Deepak Chopra MD (official) Founder, Chopra Foundation
We desperately need a new model of the human body. Compliance with the standard model of prevention (moderate exercise, abstinence from alcohol and tobacco, a Mediterranean diet, and stress management) remains fitful and haphazard. Why? It’s not for lack of information but lack of motivation. A positive lifestyle requires that you comply day in and day out for decades if you want to receive the full benefit, which arrives fairly late in life. We pay for early mistakes by a decline that generally doesn’t show overt symptoms until around late middle age. It’s hard to deprive yourself today in order to reward yourself twenty or thirty years from now.
So what would it take to improve people’s motivation? I can find only one answer: reinvent the human body. The way you think about your body leads to the way you treat it. For people to shift their behavior toward self-care and heightened well-being, we don’t need just compliance with standard prevention. There also has to be a drop in our addiction to drugs and surgery as the main approaches of medicine. Over the course of history, there have been four major models of the body:
- The body as a collection of Nature’s basic elements (the medieval conception of the four humors is an example).
- The body as the temple of the soul.
- The body as an expression of the life force (the Chinese concept of Chi is an example).
- The body as a machine.
Depending on which model your culture accepted, you approached illness and wellness in different ways. A doctor might advise a patient to pray to God as opposed to taking a pill, strengthening his Chi, or correcting imbalances in the four humors. Today the body-as-machine model prevails thanks to the reductionist method of science. Machines are repaired by mechanics who tinker with its defective parts, and that’s basically what doctors do in their practice. But it’s obvious that your body isn’t a machine. Your body is alive, for one thing. It can heal itself. It’s self-organizing and self-regulating. Exercise makes it stronger, whereas a machine, if used more often, begins to wear out.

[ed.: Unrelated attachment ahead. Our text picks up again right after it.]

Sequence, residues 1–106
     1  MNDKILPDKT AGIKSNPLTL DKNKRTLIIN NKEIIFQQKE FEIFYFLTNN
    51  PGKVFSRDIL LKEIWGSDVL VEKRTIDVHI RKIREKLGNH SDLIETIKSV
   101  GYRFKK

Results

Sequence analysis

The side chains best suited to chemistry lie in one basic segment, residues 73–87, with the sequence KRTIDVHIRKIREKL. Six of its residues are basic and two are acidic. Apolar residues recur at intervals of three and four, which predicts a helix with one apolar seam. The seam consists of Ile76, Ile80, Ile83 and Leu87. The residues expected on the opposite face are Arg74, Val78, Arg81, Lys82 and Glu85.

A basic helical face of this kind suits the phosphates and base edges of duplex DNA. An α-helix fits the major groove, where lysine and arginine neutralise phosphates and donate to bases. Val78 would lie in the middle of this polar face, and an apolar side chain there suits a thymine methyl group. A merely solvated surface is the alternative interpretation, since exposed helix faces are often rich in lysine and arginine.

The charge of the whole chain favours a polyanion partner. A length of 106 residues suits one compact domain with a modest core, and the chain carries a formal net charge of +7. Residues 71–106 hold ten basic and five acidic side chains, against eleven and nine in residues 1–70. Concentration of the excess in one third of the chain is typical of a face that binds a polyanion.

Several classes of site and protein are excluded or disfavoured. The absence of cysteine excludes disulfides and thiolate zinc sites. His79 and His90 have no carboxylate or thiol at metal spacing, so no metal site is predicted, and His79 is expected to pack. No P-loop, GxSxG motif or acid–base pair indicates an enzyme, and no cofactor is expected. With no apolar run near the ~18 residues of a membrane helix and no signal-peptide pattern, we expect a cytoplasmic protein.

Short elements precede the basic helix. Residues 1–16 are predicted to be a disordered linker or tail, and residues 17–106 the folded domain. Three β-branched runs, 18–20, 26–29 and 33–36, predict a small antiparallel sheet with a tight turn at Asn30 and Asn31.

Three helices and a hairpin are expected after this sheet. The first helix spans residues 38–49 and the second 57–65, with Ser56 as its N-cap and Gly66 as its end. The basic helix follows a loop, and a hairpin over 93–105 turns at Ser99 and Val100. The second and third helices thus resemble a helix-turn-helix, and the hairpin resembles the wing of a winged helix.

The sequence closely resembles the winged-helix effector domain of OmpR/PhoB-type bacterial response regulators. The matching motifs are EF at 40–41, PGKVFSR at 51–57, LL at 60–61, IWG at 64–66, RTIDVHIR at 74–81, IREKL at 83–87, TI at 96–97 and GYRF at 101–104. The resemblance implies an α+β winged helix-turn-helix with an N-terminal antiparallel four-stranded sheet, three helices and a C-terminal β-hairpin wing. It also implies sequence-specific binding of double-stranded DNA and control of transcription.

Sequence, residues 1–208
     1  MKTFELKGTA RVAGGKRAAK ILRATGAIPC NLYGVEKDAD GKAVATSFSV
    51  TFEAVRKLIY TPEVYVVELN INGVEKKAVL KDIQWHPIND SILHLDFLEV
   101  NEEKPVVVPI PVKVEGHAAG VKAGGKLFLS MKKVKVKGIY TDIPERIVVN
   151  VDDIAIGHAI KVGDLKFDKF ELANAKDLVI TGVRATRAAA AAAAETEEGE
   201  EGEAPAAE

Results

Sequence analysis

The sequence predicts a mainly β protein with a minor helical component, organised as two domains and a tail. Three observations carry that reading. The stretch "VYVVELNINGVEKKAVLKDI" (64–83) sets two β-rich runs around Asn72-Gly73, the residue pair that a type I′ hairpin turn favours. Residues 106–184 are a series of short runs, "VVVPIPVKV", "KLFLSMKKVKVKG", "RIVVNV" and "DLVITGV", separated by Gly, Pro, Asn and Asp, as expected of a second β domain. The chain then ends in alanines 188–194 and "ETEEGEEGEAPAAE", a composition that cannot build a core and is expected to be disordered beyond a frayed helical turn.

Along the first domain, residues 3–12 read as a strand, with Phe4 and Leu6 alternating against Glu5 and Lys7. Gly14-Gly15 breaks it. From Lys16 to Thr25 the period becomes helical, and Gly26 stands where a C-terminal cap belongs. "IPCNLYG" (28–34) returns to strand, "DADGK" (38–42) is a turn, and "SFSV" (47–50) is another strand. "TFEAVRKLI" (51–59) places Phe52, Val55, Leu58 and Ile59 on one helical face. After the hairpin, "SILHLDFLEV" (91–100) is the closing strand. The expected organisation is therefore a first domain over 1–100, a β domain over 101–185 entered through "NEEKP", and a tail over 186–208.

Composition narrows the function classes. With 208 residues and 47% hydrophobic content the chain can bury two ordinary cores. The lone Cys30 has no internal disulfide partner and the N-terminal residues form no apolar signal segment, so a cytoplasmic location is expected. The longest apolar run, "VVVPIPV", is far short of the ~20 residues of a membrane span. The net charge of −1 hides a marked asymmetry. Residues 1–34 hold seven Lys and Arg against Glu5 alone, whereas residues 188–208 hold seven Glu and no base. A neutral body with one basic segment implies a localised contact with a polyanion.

Yet the biggest flaw in the machine model, as I see it, is its rejection of the mind-body connection. When I was in medical school, no such thing existed. At most we learned about psychosomatic disorders, with the clear implication that they weren’t real, being the result of the patient’s imagination. This situation hasn’t changed much in medical school, sad to say, but the surge in alternative and integrated medicine has brought the mind-body connection to the fore. This development is so important that a fourth model of the body is being formulated as we speak: a systems model.
In the systems model, every cell is intelligent. The body holds together through a constant stream of information that reaches every cell. Homeostasis – a state of dynamic balance – represents health. Inflammation, as yet not fully understood, represents the state of imbalance, leading to many if not most diseases. A person’s habits, attitudes, beliefs, and behavior are the key to well-being, since messages from the brain affect the whole body. The brain plays a critical role in the feedback loops that maintain homeostasis, yet at every level, down to the expression of your genes, feedback repeats the same pattern of input and output. Positive input promotes well-being; negative input impairs well-being.